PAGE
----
2018 Tufted Puffin Field Work Photo Highlights

Prince William Sound Science Center researchers Dr. Kristen Gorman and Anne Schaefer spent two weeks at the end of July and beginning of August on Middleton Island completing the first of three field seasons for their Tufted Puffin project funded by the North Pacific Research Board. These photo highlights detail the research methods used on this trip.

Words by Kristen Gorman
Photos by Anne Schaefer

We are working on the Tufted Puffin project at Middleton Island. It is a really interesting area because it sits out in the middle of the Gulf of Alaska right at the edge of the continental shelf. There are many seabirds that nest on Middleton that have been the focus of long-term studies by groups of researchers. Logistically, working at Middleton was excellent because there was already infrastructure for us to eat and sleep, and there are large numbers of puffins nesting there.

An abandoned radio tower covered with breeding Black-Legged Kittiwakes provides a unique platform for studying seabirds. Photo by Anne Schaefer.

The puffin colony on Middleton Island had thousands of birds nesting there, which is really important because of the way we deployed the geolocator tags. We deployed tags during the middle of the chick-rearing period. During this time of breeding, both parents are often out at sea finding food for their chicks. We could only catch the adult birds when they were still in the burrow after they had fed their chick, so we needed lots of burrow options simply to find enough adults during these brief windows. We were on Middleton for about two weeks and managed to catch 35 adults over that entire time period. It takes a long time to find adults in the burrows, so having lots of birds around increased our chances of being able to deploy geolocator tags on nesting adults.

We worked at the southern tip of Middleton Island. We walked out about 2 km every day in super thick vegetation to reach the puffin colony. Where the puffins nest, there is a hillside named Gold Hill, and many of the burrows are located immediately at the top because the adults like to launch off the hill to fly.

We had two different strategies for finding adults. At first, we were mainly concerned with locating active burrows, i.e., those with chicks, so we could go back and check to see if an adult was attending. We spent a lot of time finding burrows with chicks and then drawing maps on where the burrow was located and what it looked like inside. The puffin burrows are really unique. Some of them go straight back, some of them go off to the side, and some of them have little hidden networks with multiple chambers. The chicks can be in any one of these areas.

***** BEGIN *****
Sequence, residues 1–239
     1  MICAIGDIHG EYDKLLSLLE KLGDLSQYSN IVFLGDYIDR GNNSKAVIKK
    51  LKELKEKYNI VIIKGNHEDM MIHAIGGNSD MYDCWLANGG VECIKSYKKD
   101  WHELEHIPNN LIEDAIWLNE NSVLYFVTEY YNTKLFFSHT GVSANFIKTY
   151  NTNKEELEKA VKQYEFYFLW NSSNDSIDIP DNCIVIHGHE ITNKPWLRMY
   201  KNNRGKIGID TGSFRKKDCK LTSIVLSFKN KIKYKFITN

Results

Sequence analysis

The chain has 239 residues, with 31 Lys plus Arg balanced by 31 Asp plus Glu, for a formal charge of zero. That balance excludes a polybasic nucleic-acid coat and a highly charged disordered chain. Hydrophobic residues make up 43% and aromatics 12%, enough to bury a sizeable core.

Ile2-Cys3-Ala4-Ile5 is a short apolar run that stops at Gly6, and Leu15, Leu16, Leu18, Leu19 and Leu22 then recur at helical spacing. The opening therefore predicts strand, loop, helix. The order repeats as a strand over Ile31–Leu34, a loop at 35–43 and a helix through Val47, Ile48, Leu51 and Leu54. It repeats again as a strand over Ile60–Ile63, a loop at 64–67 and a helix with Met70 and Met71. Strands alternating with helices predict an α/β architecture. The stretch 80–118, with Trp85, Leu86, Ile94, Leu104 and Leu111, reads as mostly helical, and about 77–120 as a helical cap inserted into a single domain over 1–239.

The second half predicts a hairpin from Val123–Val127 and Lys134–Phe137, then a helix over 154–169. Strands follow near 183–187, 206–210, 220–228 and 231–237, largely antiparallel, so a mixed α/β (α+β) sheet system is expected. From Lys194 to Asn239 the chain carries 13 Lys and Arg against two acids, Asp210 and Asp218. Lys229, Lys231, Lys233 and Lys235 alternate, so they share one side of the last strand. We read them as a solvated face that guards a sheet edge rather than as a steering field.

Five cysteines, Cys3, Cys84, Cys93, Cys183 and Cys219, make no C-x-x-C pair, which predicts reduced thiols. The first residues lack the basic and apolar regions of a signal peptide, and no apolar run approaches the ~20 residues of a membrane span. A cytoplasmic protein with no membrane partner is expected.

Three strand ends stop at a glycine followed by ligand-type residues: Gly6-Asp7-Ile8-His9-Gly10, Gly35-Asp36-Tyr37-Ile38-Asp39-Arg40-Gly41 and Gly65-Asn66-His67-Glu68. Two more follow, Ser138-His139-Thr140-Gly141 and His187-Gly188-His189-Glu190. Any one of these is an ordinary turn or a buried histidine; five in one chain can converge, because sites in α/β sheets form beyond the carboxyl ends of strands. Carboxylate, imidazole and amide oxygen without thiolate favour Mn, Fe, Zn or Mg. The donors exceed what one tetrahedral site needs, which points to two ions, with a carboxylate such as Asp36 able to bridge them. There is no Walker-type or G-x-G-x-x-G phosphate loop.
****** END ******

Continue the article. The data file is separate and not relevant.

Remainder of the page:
The way you can tell if a burrow is active is if there is bird poop at the entrance. The parent puffins come back to the burrow and they will land, often with fish in their mouth, so sometimes you will also see little fish that they dropped there by accident.

Once we knew the locations of active burrows, we used one-way traps placed in the entrances to try to catch the adults. The trap was a PVC tube that fits in the front of the burrow with a swing door, so the adults can go in, but can’t get out. The burrow traps helped save us some time, and in the latter half of the field season we caught most of the adults using this method.


If we found an adult in a burrow, we would reach in and retrieve the bird from the burrow. We would place the adult puffin in a heavy-duty canvas bag right away. The bags helped us control the bird, in addition to keeping them safe and calm. Puffins have very strong bills and can bite anyone handling them.

We had a pop-up tent in which we processed the birds. Immediately after capture we would walk back to the tent and start by weighing the bird in the bag. We then measured the bill length, bill depth, and other parts of the head for structural size measurements, in addition to the wing and tarsus (leg).

Once we collected all the body size measurements, we took a blood sample from the tarsus vein for determining the sex of the bird (whether its male or female) and for stable isotope measurements. Then we banded the puffin. We placed a regular USGS metal band on one leg and on the other leg we would place a plastic band outfitted with a geolocator. We then took a feather sample before returning the adult back to the burrow to be reunited with their chick.

There were a few instances when we thought we spotted geolocator birds flying around, so there was some suggestion the birds that were handled were back to the task of rearing their chick. We will go back next summer while the birds are incubating their eggs and try to find these adults in their burrows again (puffins usually use the same burrow for multiple years). At that time of the breeding season, the parents spend more time in the burrow incubating their egg so they should be easier to catch. We will deploy new geolocator tags on different adult puffins later during the chick rearing stage next year.

We thank Dr. Scott Hatch and the Institute for Seabird Research & Conservation for logistical support, particularly in allowing us to use their base camp while conducting fieldwork at Middleton.

Recommended Reading

Resolving the Annual Distribution of Tufted Puffins Project Page: https://pwssc.org/tufted-puffins/

Overwinter Ecology Study of Tufted Puffins: https://pwssc.org/overwinter-ecology-study-of-tufted-puffins/

Seabird Youth Network Puffin Page: http://seabirdyouth.org/tufted-puffins/